# A rocket burns out at an altitude h above the Earth's surface

• Benjamin Fogiel
In summary, the conversation is about determining the speed of a rocket very far from Earth after burning out at a certain altitude. The equation used is v=(v02-v2esc)1/2 and the values of kinetic and potential energies are plugged in to simplify the equation and determine the final speed. The concept of escape velocity is also mentioned, which is the value needed to escape Earth's gravitational pull. The final answer is found by setting the final potential energy to 0 at "very far away" distance.
Benjamin Fogiel

## Homework Statement

A rocket burns out at an altitude h above the Earth's surface. Its speed v0 at burnout exceeds the escape speed vesc appropriate to the burnout altitude. Show that the speed v of the rocket very far from the Earth is given by v=(v02-v2esc)1/2

KEf-KEi=Ui-Uf

## The Attempt at a Solution

I plugged in the values of kinetic and potential energies:

(m1v2)/2 - (m1v02)/2 = (-Gm1m2)/r1 + (Gm1m2)/r2

Simplified to get:

v2=(-2Gm2)/r1 + (2Gm2)/r2 + v02

Im not sure where to go from here

What are ##r_1## and ##r_2##?

Escape velocity for mass ##m_1## to escape mass ##m_2## starting at distance ##r## is the value such that ##(1/2)m_1v_0^2 = G m_1 m_2/r##. In other words, added to the initial potential energy, you get a total energy of 0, which means that the mass ##m_1## will not stop before reaching potential energy 0 at "infinite" or "very far away" distance.

Perhaps that will help?

The intent of the phrase "very far away" refers to the zero point of potential energy. So you can just use 0 for PE.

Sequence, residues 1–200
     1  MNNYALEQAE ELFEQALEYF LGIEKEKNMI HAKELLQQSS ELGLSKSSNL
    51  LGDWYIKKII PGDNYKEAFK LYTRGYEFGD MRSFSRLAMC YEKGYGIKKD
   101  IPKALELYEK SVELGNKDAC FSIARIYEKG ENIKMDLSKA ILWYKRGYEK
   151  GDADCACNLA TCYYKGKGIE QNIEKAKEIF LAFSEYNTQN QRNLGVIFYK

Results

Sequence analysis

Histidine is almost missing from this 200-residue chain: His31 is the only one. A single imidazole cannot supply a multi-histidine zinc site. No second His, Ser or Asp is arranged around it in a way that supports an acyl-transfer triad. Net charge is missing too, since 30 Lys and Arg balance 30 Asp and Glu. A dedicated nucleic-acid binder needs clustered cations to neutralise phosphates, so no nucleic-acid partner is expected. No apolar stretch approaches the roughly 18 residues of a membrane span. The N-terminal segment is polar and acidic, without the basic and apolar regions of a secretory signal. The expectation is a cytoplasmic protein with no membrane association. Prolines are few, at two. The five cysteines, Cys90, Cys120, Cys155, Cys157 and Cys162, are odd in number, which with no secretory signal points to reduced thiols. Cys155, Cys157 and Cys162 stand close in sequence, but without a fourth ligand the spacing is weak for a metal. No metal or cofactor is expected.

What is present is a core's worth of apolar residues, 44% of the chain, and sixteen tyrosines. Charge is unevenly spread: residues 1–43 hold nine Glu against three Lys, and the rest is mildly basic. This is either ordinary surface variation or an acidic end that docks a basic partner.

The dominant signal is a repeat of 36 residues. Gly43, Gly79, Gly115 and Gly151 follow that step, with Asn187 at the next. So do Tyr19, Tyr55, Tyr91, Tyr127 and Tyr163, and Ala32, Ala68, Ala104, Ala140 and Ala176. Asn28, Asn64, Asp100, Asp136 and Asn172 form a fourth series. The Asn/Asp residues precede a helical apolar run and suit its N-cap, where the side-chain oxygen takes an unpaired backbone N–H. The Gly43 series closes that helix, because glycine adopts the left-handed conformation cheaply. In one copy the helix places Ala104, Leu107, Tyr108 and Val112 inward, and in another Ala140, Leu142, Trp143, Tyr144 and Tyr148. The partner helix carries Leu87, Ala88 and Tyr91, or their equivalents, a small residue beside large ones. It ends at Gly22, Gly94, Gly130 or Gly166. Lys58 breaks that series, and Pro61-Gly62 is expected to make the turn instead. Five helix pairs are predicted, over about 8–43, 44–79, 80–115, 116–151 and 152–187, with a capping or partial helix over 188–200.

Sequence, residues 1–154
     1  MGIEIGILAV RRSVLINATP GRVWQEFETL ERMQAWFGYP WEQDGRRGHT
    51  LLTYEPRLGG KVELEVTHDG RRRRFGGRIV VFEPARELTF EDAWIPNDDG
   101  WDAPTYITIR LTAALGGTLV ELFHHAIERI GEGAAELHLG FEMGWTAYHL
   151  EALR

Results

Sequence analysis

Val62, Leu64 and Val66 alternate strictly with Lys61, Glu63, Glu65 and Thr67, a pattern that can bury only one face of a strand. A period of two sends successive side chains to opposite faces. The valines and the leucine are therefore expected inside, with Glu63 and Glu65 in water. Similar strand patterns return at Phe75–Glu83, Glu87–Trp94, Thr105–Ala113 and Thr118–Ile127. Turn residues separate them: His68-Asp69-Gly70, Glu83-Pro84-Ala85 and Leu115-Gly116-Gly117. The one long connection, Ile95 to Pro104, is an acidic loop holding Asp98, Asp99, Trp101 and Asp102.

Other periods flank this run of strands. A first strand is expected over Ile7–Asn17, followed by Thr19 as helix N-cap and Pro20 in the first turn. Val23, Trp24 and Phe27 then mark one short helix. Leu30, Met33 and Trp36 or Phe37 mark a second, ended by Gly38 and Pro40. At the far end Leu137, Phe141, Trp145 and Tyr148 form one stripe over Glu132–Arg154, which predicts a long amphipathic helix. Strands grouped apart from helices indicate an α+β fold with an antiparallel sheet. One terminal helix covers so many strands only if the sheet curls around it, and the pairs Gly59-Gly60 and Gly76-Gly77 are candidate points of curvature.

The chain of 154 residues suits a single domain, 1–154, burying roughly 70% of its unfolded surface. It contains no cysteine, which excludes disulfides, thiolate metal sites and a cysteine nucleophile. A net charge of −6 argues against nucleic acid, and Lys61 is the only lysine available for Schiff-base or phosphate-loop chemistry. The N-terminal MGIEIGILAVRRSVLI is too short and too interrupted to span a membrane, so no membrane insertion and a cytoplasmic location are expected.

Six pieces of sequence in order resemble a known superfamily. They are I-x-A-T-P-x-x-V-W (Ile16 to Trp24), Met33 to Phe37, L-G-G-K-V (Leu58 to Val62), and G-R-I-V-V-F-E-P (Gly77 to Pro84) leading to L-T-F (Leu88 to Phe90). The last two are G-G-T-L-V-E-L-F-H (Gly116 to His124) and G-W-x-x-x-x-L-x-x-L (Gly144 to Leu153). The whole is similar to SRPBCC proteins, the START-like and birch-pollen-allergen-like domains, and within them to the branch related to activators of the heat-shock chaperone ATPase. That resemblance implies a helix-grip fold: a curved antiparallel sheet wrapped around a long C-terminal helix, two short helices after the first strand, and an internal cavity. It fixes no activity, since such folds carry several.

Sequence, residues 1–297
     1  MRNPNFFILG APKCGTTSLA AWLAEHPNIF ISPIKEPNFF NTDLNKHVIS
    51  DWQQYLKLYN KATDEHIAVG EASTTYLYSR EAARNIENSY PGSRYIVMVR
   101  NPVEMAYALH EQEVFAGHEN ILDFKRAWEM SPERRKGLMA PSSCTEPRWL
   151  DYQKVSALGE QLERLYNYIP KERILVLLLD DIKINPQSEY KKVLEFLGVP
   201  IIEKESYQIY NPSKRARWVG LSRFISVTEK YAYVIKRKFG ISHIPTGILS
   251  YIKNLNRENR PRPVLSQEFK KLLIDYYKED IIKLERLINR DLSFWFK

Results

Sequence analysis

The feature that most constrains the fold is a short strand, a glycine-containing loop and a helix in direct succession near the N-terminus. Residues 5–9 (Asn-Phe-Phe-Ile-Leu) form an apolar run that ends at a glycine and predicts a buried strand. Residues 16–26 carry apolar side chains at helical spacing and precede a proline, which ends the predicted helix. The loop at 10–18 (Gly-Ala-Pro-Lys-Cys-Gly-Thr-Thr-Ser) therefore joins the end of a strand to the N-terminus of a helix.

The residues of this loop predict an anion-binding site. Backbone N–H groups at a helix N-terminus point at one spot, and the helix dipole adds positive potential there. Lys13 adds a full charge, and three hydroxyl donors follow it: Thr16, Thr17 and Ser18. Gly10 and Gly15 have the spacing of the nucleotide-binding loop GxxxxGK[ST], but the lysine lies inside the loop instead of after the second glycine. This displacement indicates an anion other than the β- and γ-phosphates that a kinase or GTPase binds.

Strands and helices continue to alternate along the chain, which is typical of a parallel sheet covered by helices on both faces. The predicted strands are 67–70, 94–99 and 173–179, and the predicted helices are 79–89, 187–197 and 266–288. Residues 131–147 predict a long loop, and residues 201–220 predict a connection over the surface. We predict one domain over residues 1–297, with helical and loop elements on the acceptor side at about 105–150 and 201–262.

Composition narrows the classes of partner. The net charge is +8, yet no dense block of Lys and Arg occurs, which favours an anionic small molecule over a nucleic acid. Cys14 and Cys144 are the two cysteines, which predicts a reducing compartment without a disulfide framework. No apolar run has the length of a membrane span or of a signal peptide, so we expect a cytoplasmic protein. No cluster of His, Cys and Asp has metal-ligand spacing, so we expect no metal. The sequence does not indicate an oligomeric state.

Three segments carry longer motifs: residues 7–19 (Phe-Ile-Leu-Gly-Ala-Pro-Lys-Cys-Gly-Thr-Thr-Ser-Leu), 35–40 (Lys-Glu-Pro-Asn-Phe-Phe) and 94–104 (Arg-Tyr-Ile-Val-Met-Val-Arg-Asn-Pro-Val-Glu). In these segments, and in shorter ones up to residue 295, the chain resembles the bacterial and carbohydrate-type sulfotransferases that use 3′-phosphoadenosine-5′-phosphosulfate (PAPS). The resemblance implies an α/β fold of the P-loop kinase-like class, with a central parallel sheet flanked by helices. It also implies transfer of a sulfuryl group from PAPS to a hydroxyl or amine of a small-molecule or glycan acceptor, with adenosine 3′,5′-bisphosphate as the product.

r1 = h
r2 = "very far away"

Sorry, forgot to define those values.

Yes, that helped! So Uf is essentially zero which then gives me the right answer.

Thank you.

## 1. What causes a rocket to burn out at a certain altitude?

A rocket burns out at a certain altitude due to the depletion of its fuel supply. As the rocket ascends, it uses up its fuel to power its engines, and once the fuel is exhausted, the rocket is no longer able to generate thrust and maintain its upward trajectory.

## 2. How does the Earth's atmosphere affect a rocket's burnout altitude?

The Earth's atmosphere plays a crucial role in a rocket's burnout altitude. As a rocket travels through the atmosphere, it experiences air resistance, which can slow down its ascent and cause it to burn out at a lower altitude. Thicker and denser atmospheres will have a greater impact on a rocket's burnout altitude.

## 3. Can a rocket's burnout altitude be predicted?

Yes, a rocket's burnout altitude can be predicted based on its initial velocity, mass, and the amount of fuel it carries. Scientists and engineers use mathematical models and simulations to estimate a rocket's burnout altitude and plan its trajectory accordingly.

## 4. How does the shape and design of a rocket affect its burnout altitude?

The shape and design of a rocket can greatly influence its burnout altitude. A streamlined and aerodynamic design can reduce air resistance and allow the rocket to reach higher altitudes before burning out. Additionally, the type and efficiency of the rocket's engines can also impact its burnout altitude.

## 5. Is the burnout altitude of a rocket the same for every launch?

No, the burnout altitude of a rocket can vary depending on several factors such as weather conditions, payload weight, and launch location. Each launch is unique, and the burnout altitude may differ based on these variables.

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